Echoes from the Orient by William Q. Judge
Theosophical University Press Online Edition

Chapter 3

The first Echo from the burnished and mysterious East which reverberated from these pages sounded the note of Universal Brotherhood. Among the men of this day such an idea is generally accepted as vague and utopian, but one which it will do no harm to subscribe to; they therefore quickly assent, and as quickly nullify the profession by action in the opposite direction. For the civilization of today, and especially of the United States, is an attempt to accentuate and glorify the individual. The oft-repeated declaration that any born citizen may aspire to occupy the highest office in the gift of the nation is proof of this, and the Mahatmas who guard the truth through the ages while nations are decaying, assert that the reaction is sure to come in a relapse into the worst forms of anarchy. The only way to prevent such a relapse is for men to really practice the Universal Brotherhood they are willing to accept with the tongue. These exalted beings further say that all men are — as a scientific and dynamic fact — united, whether they admit it or not; and that each nation suffers, on the moral as well as the physical plane, from the faults of all other nations, and receives benefit from the others also even against its will. This is due to the existence of an imponderable, tenuous medium which interpenetrates the entire globe, and in which all the acts and thoughts of every man are felt and impressed, to be afterward reflected again. Hence, say the Adepts, the thoughts or the doctrines and beliefs of men are of the higher importance, because those that prevail among people of a low character are just as much and as easily reflected upon the earth as are the thoughts and beliefs of persons occupying a higher plane of culture.

This is a most important tenet, if true; for, with the aid of the discoveries just now admitted by science respecting hypnotism, we are at once able to see that an enormous hypnotizing machine is about. As this tenuous medium — called by the men of the East "Akasa," and by the medieval philosophers the "Astral Light" — is entirely beyond our control, we are at the mercy of the pictures made in it and reflected upon us.

If to this we add the wonderfully interesting doctrine of Reincarnation, remembering also that the images made in the Astral Light persist for centuries, it is at once seen that upon returning again to earth-life we are affected for good or evil by the conduct, the doctrine and the aspirations of preceding nations and men. Returning here now, for instance, we are moved, without our knowledge, by the impressions made in the Astral Light at the time when the Indians, the Spaniards, and the harsh Puritans lived upon the earth. The words of the immortal Shakspere -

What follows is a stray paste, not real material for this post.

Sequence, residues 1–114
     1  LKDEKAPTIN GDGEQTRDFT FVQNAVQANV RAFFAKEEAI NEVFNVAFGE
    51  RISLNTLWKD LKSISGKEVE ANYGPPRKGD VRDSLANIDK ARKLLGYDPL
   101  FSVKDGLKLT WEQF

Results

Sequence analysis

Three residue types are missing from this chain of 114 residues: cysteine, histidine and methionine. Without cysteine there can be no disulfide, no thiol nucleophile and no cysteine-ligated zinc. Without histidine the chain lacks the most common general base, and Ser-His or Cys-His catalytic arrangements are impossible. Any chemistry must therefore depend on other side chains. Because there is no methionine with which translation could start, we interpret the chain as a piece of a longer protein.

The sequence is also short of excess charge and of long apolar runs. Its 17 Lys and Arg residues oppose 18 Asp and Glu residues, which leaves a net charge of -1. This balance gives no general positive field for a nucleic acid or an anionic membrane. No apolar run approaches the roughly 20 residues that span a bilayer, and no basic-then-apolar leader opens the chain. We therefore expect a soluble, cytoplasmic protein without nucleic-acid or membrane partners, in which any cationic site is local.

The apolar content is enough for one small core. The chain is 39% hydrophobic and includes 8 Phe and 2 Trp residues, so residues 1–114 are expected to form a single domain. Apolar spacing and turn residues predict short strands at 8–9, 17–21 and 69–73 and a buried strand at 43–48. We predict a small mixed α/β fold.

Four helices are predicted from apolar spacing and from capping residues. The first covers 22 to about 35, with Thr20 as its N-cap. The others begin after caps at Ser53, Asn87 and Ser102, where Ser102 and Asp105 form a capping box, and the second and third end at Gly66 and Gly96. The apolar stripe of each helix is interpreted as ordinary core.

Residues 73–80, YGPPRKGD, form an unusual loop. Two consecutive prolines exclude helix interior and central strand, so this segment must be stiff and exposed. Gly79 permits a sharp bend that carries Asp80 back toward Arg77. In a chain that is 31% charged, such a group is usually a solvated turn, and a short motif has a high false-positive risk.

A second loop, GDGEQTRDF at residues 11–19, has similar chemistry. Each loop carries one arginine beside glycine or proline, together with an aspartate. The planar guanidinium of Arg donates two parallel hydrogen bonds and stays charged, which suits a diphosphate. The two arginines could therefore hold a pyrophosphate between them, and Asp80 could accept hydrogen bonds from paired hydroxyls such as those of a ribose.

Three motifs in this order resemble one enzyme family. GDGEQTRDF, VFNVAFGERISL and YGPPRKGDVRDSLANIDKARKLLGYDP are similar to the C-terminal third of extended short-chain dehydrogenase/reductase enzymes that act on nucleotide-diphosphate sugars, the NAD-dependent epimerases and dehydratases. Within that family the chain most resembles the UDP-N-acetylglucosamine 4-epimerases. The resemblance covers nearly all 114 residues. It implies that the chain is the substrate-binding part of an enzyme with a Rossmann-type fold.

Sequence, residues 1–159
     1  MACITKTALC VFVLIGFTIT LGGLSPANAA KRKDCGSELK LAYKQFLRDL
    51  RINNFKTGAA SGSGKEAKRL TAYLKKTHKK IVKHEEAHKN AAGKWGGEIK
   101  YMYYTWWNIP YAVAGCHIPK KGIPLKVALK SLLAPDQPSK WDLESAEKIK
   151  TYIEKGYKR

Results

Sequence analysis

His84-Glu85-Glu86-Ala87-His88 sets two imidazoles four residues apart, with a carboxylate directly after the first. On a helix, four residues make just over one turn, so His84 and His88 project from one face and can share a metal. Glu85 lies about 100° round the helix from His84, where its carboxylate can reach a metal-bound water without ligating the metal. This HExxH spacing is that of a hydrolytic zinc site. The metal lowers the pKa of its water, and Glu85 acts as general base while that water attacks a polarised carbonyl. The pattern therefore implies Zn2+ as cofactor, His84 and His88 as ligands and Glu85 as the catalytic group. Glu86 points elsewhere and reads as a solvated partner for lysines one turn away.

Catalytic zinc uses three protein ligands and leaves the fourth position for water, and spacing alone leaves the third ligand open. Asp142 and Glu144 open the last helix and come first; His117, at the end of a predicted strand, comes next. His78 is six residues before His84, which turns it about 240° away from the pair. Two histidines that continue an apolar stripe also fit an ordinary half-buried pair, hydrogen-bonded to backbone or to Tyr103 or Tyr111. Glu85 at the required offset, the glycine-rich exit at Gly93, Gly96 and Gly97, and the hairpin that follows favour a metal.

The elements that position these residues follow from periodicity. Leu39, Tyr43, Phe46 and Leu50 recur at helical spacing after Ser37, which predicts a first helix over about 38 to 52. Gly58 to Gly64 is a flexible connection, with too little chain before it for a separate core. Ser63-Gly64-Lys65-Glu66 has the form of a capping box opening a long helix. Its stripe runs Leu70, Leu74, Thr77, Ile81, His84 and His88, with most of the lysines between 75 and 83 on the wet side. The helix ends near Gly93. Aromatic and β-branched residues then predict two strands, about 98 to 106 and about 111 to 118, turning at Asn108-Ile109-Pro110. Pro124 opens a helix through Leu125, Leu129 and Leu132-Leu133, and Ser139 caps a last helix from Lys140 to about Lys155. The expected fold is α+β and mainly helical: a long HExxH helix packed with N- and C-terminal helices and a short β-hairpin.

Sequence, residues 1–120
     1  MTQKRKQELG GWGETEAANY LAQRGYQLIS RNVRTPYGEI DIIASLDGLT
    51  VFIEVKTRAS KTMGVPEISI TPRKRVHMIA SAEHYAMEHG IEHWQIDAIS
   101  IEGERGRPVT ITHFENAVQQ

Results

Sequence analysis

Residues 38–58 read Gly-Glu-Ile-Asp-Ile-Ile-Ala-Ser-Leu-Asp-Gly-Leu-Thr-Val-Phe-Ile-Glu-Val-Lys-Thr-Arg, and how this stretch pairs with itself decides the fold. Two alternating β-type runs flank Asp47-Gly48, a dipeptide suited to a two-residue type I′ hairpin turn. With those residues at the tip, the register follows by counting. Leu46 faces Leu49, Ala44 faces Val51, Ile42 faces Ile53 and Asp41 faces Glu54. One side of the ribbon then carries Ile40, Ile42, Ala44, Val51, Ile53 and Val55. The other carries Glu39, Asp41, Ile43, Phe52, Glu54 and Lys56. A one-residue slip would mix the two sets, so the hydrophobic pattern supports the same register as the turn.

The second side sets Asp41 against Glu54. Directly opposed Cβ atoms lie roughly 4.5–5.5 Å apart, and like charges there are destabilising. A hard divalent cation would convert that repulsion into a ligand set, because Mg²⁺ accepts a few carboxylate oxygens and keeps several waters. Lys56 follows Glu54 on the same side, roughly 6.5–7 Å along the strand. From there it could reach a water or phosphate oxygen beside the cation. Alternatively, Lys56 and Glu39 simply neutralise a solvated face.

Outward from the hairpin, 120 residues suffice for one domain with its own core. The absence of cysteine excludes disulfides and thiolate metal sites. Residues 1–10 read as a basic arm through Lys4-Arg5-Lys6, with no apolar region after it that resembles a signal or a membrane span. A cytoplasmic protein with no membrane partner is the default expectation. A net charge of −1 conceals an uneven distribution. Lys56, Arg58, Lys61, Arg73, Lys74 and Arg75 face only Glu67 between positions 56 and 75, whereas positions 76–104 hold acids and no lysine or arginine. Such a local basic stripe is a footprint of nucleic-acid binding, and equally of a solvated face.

The evil that men do lives after them;
The good is oft interrèd with their bones,

receive a striking exemplification under this doctrine. For, as the evil thoughts and deeds are the more material and therefore more firmly impacted into the Astral Light, while the good, being spiritual, easily fade out, we are in effect at the mercy of the evil done. And the Adepts assert that Shakspere was, unconsciously to himself, inspired by one of their own number. I shall refer again to this branch of the subject. The scheme of evolution put forth by these beings and their disciples is so broad, deep and far-reaching as to stagger the ordinary mind. It takes in with ease periods of years running up into trillions and quadrillions. It claims that man has been on earth for millions of years more than science yet is willing to admit. It is not bound by the narrow scheme of biblical chronologists, nor startled by the magnificent age of civilizations which disappeared long ago. The keepers of this doctrine say that they and their predecessors lived in those older times, and have preserved not only the memory of them, but also complete records. These records, moreover, are not merely on perishable paper and palm leaf, but on imperishable stone. They point to such remains as the statues twenty-seven feet high found on Easter Island; to rows of gigantic statues in Asia, that by their varying heights show the gradual diminution of human stature, which kept pace with other degenerations; and, to crown all, they say that they possess today in the East the immense and well guarded collections of records of all sorts. Not only are these records said to relate to the physical history of man, but also to his astral and spiritual evolution.

Before closing this paper, I can only indicate one of their basic doctrines in the scheme of evolution. That is, that the evolution of the inner, astral form of man came first in order, and continued for an immense number of years before his physical structure was built up around it. This, with other portions of the doctrine, is vital and will aid much in an understanding of the complex questions presented to us by the history of the human race, both that which is known and that which is still resting on conjecture.

Chapter 4